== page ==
St. Ann’s Chamber of Commerce Past President Advisory Committee member Joe Issa has tipped the economic growth momentum experienced in 2016 to continue into 2017.
“This year I expect higher growth in the economy than what we experienced last year when some of the policy measures implemented earlier in the year showed good results towards the end.
“2016 finished on a high note which will reverberate throughout this year to provide the momentum needed for improved performance…it’s what can be called the piggy-back effect…success feeding on success to achieve even greater success,” Issa posits in an interview on the outlook for Jamaica in 2017.
Noting he had seen the latest growth figures Issa says, “I am encouraged by the stats and more so when disaggregated as all sectors seemed to have pulled their weight…it all adds up and tells a story of increased output, consumer confidence and employment…the prime minister has been personally pushing the BPO sector so we may well be seeing the impact in the numbers.”
According to tradingeconomics.com Domestic Product (GDP) figures show that the economy of Jamaica had grown 2 percent year-on-year in the third quarter of 2016, the highest since the second quarter of 2014. The outturn for the September 2016 quarter was also higher than the 1.4 percent recorded in the second quarter.
The 2016 third quarter statistics also show that both goods and services played a part, which analysts say is the best structure within which to grow the economy.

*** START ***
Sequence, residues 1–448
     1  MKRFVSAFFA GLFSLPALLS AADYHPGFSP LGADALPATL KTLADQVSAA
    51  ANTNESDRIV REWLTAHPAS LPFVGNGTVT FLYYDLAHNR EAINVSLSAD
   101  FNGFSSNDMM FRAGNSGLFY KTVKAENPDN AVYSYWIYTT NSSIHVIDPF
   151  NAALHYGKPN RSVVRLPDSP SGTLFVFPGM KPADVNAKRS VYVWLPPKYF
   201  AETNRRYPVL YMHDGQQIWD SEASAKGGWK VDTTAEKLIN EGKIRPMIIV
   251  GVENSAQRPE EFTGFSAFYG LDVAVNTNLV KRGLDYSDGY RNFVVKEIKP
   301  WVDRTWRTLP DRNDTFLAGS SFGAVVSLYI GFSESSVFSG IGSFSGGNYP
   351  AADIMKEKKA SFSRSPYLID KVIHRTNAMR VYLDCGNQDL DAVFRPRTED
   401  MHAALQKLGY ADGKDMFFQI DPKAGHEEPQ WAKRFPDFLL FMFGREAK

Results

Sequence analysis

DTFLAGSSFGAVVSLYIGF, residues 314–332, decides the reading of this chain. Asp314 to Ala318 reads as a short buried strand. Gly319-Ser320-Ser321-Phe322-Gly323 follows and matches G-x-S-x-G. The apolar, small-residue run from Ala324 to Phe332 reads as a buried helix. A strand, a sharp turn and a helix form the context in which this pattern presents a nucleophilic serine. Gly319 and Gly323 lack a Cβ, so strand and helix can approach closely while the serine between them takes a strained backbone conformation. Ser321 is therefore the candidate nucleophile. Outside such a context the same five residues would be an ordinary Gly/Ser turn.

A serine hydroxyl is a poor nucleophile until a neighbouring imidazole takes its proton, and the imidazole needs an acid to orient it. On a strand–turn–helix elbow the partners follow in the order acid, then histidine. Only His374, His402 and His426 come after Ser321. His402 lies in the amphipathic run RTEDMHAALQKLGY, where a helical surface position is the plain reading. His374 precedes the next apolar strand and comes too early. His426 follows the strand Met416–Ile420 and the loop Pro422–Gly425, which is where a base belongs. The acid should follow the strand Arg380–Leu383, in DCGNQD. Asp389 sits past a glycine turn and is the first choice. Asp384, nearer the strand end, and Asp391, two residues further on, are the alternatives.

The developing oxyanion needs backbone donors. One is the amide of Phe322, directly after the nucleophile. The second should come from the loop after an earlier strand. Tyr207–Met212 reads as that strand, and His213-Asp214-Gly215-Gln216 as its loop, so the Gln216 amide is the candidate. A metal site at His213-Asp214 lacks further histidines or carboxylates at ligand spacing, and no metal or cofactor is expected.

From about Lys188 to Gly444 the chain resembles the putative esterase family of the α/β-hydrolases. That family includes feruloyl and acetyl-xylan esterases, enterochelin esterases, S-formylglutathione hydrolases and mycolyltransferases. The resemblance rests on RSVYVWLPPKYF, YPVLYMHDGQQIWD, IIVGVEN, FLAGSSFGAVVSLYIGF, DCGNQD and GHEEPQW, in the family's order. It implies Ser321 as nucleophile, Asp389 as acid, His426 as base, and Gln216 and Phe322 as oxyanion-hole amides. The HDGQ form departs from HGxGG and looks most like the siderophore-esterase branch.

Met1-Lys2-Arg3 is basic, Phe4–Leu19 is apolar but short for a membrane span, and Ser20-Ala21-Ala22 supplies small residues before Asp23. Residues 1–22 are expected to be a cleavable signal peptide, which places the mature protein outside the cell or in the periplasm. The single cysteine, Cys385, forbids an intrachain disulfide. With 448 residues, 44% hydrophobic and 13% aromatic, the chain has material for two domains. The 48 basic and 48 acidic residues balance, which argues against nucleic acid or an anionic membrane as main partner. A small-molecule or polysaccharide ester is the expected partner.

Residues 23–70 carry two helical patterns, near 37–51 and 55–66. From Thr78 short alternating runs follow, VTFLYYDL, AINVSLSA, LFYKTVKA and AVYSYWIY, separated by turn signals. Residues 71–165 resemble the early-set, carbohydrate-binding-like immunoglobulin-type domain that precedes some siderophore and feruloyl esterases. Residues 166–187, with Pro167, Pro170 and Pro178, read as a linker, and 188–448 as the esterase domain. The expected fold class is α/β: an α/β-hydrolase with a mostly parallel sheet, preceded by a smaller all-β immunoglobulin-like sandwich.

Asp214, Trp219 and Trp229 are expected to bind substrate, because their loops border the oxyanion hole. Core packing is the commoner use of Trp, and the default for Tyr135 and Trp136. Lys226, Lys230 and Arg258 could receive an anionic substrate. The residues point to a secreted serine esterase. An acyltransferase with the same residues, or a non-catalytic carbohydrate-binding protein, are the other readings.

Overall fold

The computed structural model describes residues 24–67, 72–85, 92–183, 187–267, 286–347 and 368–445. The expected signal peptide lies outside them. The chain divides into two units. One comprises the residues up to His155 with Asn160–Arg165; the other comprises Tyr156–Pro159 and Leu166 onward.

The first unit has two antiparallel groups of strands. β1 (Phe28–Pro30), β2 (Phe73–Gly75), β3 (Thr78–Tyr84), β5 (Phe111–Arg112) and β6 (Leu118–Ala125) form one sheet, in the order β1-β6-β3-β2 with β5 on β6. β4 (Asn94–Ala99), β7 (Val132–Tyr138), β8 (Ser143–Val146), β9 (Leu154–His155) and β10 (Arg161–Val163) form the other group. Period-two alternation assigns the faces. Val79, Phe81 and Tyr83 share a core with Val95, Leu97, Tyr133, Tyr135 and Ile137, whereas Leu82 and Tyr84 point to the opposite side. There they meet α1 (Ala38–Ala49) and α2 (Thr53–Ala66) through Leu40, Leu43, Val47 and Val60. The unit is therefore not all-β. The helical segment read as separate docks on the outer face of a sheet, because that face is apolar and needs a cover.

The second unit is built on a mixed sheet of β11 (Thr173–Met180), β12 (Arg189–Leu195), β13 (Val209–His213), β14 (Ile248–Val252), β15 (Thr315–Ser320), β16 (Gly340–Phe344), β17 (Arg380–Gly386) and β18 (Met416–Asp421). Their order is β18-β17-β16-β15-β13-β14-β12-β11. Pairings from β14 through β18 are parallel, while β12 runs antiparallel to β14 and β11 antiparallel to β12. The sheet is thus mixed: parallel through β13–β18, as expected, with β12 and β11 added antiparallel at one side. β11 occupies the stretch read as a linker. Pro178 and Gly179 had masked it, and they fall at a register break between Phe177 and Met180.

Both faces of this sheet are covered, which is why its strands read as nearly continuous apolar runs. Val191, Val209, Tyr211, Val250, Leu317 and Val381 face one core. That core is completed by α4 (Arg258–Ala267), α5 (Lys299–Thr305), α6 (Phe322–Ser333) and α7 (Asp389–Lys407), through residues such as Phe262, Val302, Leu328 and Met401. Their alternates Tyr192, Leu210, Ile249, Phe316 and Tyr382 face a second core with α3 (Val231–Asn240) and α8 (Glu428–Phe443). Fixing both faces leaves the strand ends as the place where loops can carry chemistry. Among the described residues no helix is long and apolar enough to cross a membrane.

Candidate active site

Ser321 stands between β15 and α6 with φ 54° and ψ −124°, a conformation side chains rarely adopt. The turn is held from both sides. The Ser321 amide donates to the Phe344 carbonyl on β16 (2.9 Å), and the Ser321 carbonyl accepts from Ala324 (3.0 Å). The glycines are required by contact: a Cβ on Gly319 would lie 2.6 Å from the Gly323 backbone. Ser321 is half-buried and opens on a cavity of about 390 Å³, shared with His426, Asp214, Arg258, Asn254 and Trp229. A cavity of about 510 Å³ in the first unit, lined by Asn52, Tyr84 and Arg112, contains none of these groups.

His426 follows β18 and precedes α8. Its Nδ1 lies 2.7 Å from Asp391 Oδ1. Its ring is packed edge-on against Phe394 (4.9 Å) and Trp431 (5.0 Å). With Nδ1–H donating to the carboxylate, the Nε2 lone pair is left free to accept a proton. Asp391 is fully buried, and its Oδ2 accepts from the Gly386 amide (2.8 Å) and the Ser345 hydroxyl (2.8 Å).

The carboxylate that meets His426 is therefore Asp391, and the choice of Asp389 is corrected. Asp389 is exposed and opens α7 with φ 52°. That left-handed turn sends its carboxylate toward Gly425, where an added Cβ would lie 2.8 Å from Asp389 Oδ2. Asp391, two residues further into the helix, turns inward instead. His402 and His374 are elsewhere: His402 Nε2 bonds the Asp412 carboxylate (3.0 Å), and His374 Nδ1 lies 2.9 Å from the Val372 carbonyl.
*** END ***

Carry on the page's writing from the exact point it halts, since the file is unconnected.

Agriculture, forestry and fishing which has benefitted from a renewed focus on import substitution and greater linkages with the tourism sector improved from a growth rate of 9.4 percent in the second quarter to 29.1 percent in the third quarter.
Mining and quarrying also responded with the growth of 2 percent in the third quarter from -1.9 percent in the second, while manufacturing was up 0.1 percent from 0.6 percent in the second quarter.
Increases were also said to have been recorded for electricity and water supply which grew by 2.5 percent in the third quarter compared with 5 percent in the second quarter.
Hotels and restaurants grew from 1.3 percent in the second quarter to 2.2 percent in the third. Transport recorded growth of 0.5 percent compared with 0.7 percent in second quarter.
Further comparison shows that the GDP outturn in the September 2016 quarter was much higher than the 0.14 percent average recorded from 2003 to 2016. A record high of 2.2 percent was recorded in the fourth quarter of 2003, and a record low of -2.10 percent was posted in the third quarter of 2014.
Dr Wayne Henry, director general of the Planning Institute of Jamaica (PIOJ), agrees with Issa, not only on the strength of the growth experienced in the third quarter of 2016 but also what it means for the country.
Stating that the pace of growth represented the most reliable estimate since April-June 2007, Dr Henry said at a PIOJ quarterly press briefing that “overall, the projected out-turn largely reflects the positive impact of higher levels of business and consumer confidence and increased employment levels with supported increased demand.”
“This was also reflected in increased construction activities with the building of new, and refurbishment of existing hotel rooms, the build out of office space to facilitate the expansion of the business process outsourcing industry, and road rehabilitation and expansion work,” the Gleaner quoted Dr Henry as saying.